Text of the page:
Interestingly, not may people at the march were familiar with “DACA“–“Deferred Action for Childhood Arrivals– the legislation signed by President Obama in 2012 that helped undocumented youth brought into the US as children defer deportation for 2 years. The 2 year grace period is renewable, and essentially allowed young people, many of whom were raised here, to live without constant fear of deportation. Though it is highly imperfect and in many ways inadequate,it provides/provided a important temporary protection for young people, many of whom live as de facto Americans. It is unclear whether the Trump Administration will repeal this legislation, but given his promises to deport 2 million undocumented residents in his first 100 days, and the fact that the information on DACA-qualified residents is held at the Federal level, it is possible that youth who provided the government their information so they could be protected will find themselves under threat. For more information on DACA, please see this recent Q+A from the Washington Post.
The sign I chose also makes reference to the broader trajectory of the DREAM Act/ the concept of “DREAMERS”. So many of our families in California are “mixed status” families–meaning that some members of the family have legal status, while others do not. This is a treacherous situation for families, potentially meaning that US-born children can have their parents deported and their non-US-born siblings deported. The consequences in terms of safety, quality of life and health for these families is far-reaching. In his 2014 Executive Order, Obama tried to grant protections to families in this situation, but tragically, the Executive Order was rejected by a vote of a tied 4-4 Supreme Court in June 2016.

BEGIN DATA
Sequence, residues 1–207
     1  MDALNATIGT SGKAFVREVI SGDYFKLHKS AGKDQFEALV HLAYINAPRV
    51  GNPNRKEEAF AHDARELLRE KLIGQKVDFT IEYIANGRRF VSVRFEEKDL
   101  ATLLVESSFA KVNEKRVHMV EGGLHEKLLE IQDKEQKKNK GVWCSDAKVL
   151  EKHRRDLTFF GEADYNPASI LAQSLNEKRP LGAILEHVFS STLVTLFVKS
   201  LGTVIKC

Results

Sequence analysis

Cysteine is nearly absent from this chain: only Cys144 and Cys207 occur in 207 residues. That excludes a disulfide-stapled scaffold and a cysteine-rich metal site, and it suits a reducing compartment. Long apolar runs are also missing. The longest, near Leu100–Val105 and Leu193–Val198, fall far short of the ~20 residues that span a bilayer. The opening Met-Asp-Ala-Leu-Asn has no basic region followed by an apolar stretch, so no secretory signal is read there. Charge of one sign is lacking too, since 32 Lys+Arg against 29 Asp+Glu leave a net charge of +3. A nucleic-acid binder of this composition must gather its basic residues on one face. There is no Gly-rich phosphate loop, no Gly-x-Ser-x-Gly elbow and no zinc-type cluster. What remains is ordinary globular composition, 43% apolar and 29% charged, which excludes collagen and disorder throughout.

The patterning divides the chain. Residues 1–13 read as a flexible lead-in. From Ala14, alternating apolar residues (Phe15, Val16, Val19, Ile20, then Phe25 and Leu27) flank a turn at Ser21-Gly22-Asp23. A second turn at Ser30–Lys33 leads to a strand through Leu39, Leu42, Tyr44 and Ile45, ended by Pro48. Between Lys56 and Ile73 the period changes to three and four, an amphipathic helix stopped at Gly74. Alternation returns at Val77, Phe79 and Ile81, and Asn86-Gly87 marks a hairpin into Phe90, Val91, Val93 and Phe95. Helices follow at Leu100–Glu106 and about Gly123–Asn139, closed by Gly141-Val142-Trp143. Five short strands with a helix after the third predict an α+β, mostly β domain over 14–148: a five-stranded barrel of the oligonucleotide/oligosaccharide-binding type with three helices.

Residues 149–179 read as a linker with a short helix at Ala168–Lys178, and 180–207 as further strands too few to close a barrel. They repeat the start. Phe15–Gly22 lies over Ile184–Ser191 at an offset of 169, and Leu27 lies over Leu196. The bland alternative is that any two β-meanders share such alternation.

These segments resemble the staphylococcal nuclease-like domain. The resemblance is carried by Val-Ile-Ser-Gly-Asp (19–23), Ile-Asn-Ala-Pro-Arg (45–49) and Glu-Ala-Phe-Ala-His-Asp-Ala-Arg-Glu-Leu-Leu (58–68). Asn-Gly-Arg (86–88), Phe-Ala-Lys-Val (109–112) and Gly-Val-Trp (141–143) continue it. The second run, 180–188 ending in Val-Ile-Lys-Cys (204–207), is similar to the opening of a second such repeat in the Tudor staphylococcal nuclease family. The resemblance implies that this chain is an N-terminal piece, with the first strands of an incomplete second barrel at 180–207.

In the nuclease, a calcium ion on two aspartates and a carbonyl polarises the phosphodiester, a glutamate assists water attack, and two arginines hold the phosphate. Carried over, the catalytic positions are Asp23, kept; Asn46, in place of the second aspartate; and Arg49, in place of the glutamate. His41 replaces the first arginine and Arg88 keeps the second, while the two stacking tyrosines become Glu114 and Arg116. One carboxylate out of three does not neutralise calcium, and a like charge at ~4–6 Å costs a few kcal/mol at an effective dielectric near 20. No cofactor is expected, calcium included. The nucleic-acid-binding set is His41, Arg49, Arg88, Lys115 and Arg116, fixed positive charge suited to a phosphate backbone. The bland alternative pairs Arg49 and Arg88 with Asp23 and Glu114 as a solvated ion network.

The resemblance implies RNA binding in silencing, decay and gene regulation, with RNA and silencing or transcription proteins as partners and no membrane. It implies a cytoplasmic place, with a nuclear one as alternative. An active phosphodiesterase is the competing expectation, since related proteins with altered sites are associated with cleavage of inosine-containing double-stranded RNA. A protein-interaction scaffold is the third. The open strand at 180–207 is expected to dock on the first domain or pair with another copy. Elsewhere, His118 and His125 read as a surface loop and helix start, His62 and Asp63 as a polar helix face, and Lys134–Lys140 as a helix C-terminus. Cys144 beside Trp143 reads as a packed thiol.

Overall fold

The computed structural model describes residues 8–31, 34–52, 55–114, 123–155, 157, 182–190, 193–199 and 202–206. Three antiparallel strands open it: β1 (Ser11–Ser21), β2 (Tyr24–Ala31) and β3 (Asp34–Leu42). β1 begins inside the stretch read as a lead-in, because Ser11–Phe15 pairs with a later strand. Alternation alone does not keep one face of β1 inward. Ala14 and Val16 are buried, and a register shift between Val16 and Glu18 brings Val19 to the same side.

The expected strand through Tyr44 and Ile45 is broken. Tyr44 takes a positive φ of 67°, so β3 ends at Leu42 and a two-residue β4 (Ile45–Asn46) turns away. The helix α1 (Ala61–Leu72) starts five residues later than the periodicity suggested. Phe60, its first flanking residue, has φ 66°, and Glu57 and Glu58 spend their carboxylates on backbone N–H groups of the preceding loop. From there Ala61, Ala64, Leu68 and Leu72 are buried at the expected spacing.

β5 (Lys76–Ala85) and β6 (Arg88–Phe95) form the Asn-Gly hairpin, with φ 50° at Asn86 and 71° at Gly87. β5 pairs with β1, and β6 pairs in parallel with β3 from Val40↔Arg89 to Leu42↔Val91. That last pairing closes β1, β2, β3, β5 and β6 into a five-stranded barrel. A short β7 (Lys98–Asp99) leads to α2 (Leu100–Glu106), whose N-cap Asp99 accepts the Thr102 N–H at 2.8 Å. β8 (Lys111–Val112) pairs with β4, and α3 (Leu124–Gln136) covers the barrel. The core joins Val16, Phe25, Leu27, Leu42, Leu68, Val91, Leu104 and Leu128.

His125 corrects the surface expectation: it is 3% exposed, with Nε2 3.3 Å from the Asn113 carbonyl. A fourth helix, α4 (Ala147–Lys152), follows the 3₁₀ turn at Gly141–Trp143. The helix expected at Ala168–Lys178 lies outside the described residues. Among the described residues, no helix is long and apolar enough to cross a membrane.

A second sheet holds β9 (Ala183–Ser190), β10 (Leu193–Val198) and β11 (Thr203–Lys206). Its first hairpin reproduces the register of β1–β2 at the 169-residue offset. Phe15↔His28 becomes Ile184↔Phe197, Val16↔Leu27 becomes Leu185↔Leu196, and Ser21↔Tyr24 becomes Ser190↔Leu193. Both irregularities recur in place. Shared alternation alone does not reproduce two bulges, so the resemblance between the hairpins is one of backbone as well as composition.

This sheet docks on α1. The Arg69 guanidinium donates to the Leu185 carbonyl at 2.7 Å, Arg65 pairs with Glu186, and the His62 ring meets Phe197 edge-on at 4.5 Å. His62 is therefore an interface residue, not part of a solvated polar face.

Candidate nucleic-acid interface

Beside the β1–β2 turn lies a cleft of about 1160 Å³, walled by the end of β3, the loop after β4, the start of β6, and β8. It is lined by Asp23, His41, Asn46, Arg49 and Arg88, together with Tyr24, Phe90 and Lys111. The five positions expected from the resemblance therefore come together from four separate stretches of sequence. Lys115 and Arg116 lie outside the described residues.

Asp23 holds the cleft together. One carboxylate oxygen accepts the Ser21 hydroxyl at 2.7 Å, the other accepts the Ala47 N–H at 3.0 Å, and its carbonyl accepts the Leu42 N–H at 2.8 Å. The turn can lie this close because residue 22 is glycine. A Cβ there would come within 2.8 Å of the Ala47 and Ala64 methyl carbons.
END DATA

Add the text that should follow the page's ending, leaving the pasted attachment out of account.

For me, this is a cross-cutting issue. Through slash and burn capitalism, we create economic pressures that make life untenable in the nations of the global south. This forces migration crises, where those with the most to lose are also the least likely to have the luxury time and money to pursue “legal paths” to immigration. Under extreme pressure, these immigrants undertake harrowing, life-threatening journeys to the United States, where they then must live in constant fear of deportation– something that lingers and festers even after a lifetime of labor, participation, and contribution. Finally, after a persistent blockade of efforts to develop a ‘pathway to citizenship,” that forces Obama to take the pathway of an Executive Order to move this issue, Republicans blockade the confirmation of Nominee Merrick Garland to the Supreme Court, driving the whole issue to a permanent halt. As angry as I am about Trump, my fury may be overshadowed by the anger I feel toward our Republican congress.
So this is my sign. I think it gets to the essence of what is at stake here. I will be writing this up and sending it to my congressional representatives, both in California, and in the Ohio congressional district where I will be voting as of 8/1/17.